Phase one of negotiations are over. That is, the first phase of the Conservatives backing down on every red line they set has come to an end.
The rights of EU citizens, the UK’s so-called divorce bill and the border on Northern Ireland. In all cases, the Conservative party has come round to both Labour’s position and the demands of the EU.
Evidently, the series of red lines laid down by Mrs. May in the first round were unproductive, unhelpful and ineffective. In the second round, there is a far larger danger: that we will end up with a Canada-style free trade agreement.
That is the view of the EU’s chief negotiator Michel Barnier, who said as the UK and EU wound up its talks last Friday that Britain’s demands to break away from the Single Market and customs union leave no option other than a goods free-trade deal. The EU Council guidelines on transition and trade, published the same day, make clear that there is a binary choice and the UK cannot have Norway-style benefits with Canada-style freedoms. Britain needs to choose.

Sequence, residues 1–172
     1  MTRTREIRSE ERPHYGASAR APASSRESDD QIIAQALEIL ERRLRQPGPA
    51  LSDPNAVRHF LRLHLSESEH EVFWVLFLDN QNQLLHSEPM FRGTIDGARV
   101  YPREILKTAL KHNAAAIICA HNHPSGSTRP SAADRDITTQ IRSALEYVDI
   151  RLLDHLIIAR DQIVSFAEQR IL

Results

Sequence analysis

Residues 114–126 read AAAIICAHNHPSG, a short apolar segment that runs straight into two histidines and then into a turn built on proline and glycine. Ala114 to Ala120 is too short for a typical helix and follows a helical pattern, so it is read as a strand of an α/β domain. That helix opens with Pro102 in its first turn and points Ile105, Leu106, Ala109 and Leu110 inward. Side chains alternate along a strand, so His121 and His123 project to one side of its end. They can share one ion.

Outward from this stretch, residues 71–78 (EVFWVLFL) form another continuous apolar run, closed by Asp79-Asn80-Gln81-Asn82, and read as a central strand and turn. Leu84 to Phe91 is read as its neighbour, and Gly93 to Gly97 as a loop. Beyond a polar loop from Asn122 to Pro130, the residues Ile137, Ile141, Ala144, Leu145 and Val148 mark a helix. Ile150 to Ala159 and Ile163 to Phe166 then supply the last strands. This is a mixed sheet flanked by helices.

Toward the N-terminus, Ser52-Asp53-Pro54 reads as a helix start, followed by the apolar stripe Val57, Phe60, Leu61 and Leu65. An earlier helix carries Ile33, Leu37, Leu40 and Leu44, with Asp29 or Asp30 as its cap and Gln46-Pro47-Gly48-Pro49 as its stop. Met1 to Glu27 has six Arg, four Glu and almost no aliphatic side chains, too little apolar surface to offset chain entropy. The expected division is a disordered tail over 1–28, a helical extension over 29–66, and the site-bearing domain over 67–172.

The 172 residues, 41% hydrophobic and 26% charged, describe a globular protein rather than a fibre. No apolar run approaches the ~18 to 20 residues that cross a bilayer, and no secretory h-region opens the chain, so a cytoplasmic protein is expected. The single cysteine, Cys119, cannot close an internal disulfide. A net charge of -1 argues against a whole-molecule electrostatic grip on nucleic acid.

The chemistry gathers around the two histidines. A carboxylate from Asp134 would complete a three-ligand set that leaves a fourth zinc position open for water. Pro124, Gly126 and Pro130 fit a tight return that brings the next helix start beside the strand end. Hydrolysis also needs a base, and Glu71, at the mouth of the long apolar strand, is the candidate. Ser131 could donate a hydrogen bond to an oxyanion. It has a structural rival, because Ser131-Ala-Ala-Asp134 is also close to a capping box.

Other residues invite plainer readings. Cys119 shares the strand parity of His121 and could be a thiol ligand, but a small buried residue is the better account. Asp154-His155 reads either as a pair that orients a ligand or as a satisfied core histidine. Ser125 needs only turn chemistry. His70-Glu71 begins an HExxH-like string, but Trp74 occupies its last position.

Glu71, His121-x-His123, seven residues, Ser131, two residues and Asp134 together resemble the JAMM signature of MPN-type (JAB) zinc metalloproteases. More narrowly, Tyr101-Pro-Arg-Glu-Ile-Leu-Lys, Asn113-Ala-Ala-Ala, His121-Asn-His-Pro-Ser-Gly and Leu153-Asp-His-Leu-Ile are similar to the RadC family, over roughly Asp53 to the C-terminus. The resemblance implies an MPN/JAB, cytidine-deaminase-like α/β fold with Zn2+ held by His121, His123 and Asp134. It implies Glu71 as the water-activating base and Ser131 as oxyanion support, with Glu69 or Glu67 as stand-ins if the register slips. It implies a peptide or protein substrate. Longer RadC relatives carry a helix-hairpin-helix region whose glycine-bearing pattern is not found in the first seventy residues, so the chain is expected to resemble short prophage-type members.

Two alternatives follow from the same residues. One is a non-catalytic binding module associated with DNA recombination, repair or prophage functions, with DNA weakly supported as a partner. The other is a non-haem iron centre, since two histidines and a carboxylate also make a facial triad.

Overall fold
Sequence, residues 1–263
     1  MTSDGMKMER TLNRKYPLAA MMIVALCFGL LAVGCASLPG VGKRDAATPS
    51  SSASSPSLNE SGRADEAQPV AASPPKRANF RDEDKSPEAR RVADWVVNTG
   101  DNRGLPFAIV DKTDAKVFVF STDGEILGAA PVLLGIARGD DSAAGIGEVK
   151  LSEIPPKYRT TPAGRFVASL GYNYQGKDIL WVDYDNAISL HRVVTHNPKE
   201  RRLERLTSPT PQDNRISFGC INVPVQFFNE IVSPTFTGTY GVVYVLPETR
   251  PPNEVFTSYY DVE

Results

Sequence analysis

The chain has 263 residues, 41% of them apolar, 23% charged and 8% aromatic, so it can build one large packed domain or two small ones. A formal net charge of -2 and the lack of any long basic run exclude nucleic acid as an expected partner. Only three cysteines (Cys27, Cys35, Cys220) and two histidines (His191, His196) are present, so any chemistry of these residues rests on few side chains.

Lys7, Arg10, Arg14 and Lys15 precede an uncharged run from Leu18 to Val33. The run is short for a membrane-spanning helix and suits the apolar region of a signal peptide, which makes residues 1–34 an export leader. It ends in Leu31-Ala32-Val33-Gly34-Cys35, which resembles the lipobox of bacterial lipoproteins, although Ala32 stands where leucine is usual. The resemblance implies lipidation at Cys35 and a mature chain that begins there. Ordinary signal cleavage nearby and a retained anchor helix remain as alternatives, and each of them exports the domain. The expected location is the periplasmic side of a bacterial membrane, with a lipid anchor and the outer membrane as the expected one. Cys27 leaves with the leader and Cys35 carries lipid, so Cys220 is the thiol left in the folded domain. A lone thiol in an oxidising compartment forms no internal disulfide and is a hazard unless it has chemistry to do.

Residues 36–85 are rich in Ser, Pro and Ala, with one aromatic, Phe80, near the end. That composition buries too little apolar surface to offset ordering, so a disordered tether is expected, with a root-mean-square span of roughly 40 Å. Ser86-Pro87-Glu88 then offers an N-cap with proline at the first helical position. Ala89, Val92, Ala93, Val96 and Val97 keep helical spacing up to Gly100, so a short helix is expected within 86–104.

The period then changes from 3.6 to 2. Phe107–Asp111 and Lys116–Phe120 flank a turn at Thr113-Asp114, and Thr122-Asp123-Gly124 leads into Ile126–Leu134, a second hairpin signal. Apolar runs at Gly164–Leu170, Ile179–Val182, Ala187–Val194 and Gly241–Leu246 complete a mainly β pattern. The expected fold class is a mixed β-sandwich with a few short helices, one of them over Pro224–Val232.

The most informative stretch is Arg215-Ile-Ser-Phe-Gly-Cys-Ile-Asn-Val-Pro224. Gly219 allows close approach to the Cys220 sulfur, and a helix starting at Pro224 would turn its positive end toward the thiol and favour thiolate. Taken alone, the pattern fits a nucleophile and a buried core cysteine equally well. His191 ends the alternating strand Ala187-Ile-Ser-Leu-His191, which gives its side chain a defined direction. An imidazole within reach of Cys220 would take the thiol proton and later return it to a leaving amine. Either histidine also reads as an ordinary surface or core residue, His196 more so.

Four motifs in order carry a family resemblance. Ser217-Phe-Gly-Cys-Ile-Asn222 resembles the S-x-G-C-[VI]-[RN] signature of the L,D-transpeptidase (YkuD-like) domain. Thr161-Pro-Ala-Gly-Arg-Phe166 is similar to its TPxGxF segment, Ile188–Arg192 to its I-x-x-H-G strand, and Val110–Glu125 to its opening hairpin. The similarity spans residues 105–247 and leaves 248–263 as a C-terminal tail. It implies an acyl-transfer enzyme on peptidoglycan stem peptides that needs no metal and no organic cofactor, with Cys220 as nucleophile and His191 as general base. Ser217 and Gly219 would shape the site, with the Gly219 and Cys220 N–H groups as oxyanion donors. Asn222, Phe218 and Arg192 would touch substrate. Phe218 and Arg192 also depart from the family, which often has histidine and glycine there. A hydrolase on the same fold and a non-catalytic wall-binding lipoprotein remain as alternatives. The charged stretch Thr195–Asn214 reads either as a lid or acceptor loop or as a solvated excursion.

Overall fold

And it is time for the Government to accept that the Canada deal does not fit our country. As Frances O’Grady, General Secretary of the Trade Union Congress, pointed out, it “does nowhere near enough to protect workers’ rights and public services”.
A Canada-style deal would not protect jobs, living standards, environmental rights or protect the Good Friday Agreement.
Only staying in the Customs Union and Single Market will secure all of the rights we have come to rely on. Labour was right to call for continued membership during the transition phase and put continued membership back on the negotiating table.
MPs must now go further: vote to ensure the Government cannot force us out of the Single Market without Parliamentary approval, as well as backing the vote to make sure there is a meaningful vote in Parliament at the end of the Brexit process. The future of our country depends on it.
Catherine West is Member of Parliament for Hornsey & Wood Green, International Trade Select Committee member and a leading supporter of Open Britain